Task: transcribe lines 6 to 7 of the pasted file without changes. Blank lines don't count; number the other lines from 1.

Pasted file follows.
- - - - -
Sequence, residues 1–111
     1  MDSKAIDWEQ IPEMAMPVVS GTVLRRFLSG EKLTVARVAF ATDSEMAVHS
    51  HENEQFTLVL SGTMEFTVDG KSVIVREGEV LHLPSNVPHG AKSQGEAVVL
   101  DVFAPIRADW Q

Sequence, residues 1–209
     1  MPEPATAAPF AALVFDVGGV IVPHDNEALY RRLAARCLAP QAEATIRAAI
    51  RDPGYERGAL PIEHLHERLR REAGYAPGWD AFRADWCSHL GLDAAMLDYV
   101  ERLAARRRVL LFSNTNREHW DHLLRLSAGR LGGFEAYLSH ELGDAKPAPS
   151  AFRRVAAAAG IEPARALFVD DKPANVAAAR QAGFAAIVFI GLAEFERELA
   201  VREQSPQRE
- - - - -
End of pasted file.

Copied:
     1  MPEPATAAPF AALVFDVGGV IVPHDNEALY RRLAARCLAP QAEATIRAAI
    51  RDPGYERGAL PIEHLHERLR REAGYAPGWD AFRADWCSHL GLDAAMLDYV